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Work continues on water main upgrades and resurfacing on Fourth Street from Avenue C to Rosser Avenue in downtown Bismarck on Wednesday.

Based on current water usage trends, Bismarck could face a $58 million funding shortfall in the next decade if utility rates aren’t raised, according to consultants hired to assess the city’s utility fee system.

Stantec gave a presentation on Wednesday on how much money the city needs in order to maintain its water, sewer and stormwater systems. The company was hired to run the analysis after proposed changes to the fee structure, which would have charged for water service on empty lots, failed amid concerns from area builders.

Builders felt it was unfair for charges to be levied when no water was being used, so the Bismarck City Commission brought in Stantec to devise a more equitable solution.

Stantec’s initial numbers show the city could cover its costs through gradual rate increases — 8 percent for water in 2019 then 3.75 percent annually after and 5 percent annually for sewer service.

The consultant’s next steps will be how to allocate those increases fairly across users based on how much each user contributes to costs. Those presentations will take place in August and September, with final recommendations coming in November.

"He's doing an extremely thorough job ... They're looking at everything," said homebuilder Brian Eisman, of Stoneshire Builders, adding that the more comprehensive look at all users has helped to address concerns he had when the city was aiming the increases at empty lots.

Bismarck has 371 miles of water lines delivering 11 million gallons per day on average to about 21,000 users. Those users include 17,803 single-family dwellings, 1,749 multi-family properties with a total of 15,000 units, 2,025 commercial users and 289 irrigation users.

There are 313 miles of sewer in the city, and the water treatment plant treats 6 million gallons per day.

Bismarck’s utility customer base has grown at about 2 percent annually for the past 10 years. But at the same time, the use of services has remained steady. That means the infrastructure needed to serve the city has increased but the revenue it collects for those services hasn’t gone up enough to cover the cost, Stantec said.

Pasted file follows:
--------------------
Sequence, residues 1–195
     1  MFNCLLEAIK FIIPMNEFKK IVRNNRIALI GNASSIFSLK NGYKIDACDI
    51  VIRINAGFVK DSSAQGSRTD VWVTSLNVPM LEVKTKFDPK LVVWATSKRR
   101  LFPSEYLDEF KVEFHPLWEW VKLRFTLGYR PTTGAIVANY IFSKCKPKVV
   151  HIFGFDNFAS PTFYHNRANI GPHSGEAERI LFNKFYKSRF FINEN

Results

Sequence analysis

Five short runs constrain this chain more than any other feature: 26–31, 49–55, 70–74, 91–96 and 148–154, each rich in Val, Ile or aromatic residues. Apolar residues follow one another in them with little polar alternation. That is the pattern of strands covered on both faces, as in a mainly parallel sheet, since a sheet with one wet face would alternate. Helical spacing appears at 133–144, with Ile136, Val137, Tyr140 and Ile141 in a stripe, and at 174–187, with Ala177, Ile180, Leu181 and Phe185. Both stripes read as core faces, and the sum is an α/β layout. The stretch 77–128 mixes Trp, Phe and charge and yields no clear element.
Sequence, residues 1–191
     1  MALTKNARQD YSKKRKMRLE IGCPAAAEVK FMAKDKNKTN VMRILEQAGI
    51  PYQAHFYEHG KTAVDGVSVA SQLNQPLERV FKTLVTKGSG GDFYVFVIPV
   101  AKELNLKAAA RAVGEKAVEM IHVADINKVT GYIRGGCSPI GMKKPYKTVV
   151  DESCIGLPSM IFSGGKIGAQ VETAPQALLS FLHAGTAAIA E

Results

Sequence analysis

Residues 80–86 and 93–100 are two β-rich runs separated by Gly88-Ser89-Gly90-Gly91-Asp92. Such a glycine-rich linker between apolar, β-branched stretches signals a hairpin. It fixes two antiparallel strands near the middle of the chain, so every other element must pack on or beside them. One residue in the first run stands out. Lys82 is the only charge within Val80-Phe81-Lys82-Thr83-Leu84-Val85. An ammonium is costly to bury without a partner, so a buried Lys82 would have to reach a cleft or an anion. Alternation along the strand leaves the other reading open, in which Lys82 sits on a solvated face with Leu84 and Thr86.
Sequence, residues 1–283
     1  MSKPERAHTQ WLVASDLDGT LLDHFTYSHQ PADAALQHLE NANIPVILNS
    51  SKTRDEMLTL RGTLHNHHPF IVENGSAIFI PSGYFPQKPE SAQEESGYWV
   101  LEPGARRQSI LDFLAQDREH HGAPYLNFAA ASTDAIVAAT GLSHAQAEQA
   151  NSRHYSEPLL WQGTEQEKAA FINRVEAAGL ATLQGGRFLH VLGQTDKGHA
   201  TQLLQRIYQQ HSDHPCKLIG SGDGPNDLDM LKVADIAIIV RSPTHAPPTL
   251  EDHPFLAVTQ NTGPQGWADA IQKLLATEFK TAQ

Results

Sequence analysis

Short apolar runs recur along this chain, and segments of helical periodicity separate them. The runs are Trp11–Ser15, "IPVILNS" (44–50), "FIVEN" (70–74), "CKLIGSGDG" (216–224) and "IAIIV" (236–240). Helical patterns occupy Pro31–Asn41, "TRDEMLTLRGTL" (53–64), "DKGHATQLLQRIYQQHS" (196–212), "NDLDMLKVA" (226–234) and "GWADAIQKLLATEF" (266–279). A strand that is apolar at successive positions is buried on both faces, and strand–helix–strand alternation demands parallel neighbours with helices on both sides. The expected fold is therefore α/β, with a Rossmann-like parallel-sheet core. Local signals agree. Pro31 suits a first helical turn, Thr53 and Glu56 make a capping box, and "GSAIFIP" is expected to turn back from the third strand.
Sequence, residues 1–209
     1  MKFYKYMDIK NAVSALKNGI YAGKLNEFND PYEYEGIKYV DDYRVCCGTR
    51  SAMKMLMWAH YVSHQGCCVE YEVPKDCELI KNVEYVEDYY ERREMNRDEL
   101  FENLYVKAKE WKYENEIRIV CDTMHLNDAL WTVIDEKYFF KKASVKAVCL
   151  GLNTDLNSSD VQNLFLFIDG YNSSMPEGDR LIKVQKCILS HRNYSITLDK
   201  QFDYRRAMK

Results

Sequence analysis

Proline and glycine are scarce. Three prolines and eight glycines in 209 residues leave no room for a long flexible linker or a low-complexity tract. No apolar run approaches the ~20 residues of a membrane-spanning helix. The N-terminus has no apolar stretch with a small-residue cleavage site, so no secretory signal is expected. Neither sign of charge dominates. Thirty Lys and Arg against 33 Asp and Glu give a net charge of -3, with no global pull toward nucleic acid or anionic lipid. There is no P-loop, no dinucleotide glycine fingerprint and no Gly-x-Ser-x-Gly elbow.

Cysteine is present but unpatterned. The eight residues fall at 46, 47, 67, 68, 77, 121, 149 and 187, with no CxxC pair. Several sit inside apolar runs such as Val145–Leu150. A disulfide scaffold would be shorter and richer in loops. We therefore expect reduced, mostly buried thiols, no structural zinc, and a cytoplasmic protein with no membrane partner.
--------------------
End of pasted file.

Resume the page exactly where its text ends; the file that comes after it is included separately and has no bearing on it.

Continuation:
Projected revenues are around $18 million for water in 2018. Expenses in 2019 are estimated at $21 million: $10 million for operations, $7 million for system improvements and $4 million for debt coverage. Of the spending on system improvements, 53 percent would go to replacing old pipe, 20 percent to water treatment, 5 percent to expanding the system and 17 percent to expansion of Public Works administrative and shop facilities.

“In 2017, we restricted spending, but that’s only temporary. It’s not sustainable long term,” said Michelle Klose, Bismarck's director of utility operations.

Stantec consultants did say the city could reduce the amount it holds in reserves by about $1.7 million in an effort to cut back on rate increases. In 2020 through 2023, Stantec talked about taking on more debt and using bonds to fund system expansions.

At the water treatment plant, the city needs funding to pay for treatment of biosolids in the sewer system, Klose said. Currently, the city applies those biosolids to fields.

"We’re having less available land," she said, so the system needs to reduce the water content of those biosolids to make transport easier.

The one bright spot was in storm water, where the city has been collecting more than enough to cover expenses and could consider eliminating certain surcharges to customers, a particular benefit to multi-family users.

Information from Wednesday's presentation will be posted on the Public Works website.

Reach Jessica Holdman at 701-250-8261 or


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